The Ocean Cleanup Project is having a bad month.
In Sept. 2018, a nonprofit called the Ocean Cleanup Project deployed a 600-meter-long (2,000-foot-long) device designed to capture plastic floating in the Pacific Ocean.
Now the device is reportedly falling apart — and Ocean Cleanup is dragging it back to Hawaii to assess the damage. Depending on its condition, the nonprofit may then bring it back to San Francisco on a barge.
This isn't the first sign of trouble for Ocean Cleanup. When it prepped to launch, experts questioned whether it could withstand harsh conditions at sea. Three months later, it emerged that the giant device was failing to catch plastic.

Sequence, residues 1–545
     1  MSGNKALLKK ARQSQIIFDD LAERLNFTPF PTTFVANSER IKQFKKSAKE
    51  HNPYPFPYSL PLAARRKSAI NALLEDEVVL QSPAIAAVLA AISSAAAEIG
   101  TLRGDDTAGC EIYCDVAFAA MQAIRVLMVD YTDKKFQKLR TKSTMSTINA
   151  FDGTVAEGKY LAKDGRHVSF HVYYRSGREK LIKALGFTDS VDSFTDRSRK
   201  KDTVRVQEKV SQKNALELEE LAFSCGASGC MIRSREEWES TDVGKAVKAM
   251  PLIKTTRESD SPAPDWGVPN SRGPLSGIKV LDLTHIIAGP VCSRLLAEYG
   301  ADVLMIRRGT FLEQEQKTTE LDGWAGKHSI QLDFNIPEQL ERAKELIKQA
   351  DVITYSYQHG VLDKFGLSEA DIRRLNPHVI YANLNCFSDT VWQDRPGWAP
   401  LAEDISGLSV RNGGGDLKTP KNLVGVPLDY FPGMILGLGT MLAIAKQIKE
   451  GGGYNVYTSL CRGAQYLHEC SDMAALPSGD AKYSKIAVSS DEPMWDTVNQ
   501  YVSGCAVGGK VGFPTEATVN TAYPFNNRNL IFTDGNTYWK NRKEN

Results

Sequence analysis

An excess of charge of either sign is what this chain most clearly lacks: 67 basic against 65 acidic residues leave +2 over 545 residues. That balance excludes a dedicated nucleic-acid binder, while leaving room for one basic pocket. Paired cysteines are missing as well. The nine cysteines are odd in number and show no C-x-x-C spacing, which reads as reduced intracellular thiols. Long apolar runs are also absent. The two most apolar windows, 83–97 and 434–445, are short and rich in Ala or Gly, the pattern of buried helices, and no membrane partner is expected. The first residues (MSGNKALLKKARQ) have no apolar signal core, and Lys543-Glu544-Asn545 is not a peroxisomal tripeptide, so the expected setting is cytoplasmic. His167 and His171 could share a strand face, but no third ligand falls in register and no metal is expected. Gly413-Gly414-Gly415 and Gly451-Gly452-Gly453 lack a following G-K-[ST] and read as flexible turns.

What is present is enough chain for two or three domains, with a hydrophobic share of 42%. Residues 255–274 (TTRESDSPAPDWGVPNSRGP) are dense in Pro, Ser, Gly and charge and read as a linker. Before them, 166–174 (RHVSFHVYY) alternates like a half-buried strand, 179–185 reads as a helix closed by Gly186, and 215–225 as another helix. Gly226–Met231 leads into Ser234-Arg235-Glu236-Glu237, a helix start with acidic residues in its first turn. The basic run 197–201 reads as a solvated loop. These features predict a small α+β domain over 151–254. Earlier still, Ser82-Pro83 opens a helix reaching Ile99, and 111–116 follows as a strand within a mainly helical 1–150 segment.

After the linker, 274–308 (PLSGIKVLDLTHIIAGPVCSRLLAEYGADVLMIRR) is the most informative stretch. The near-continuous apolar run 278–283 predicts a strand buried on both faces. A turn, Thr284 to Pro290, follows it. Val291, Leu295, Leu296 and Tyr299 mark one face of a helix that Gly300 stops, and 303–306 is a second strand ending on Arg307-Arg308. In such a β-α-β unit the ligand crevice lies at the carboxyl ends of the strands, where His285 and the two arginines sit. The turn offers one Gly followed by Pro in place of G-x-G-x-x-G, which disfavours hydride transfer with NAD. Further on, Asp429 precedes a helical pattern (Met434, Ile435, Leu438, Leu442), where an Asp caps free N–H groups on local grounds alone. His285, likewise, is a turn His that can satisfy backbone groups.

"This is all part of developing pioneering technology in very challenging conditions," 24-year-old Ocean Cleanup CEO Boyan Slat told USA Today of the project's latest woes.
Old Irony Sides
Ocean Cleanup became aware of the damage to its device on Dec. 29, according to USA Today, when crew noticed that a pipe had broken free and recaptured it.
The pipe, as it turns out, was made of high-density polyethylene — the world's most popular plastic.
More on the Ocean Cleanup Project: Creator of Ocean Cleanup Barrier Undeterred by Initial Issues
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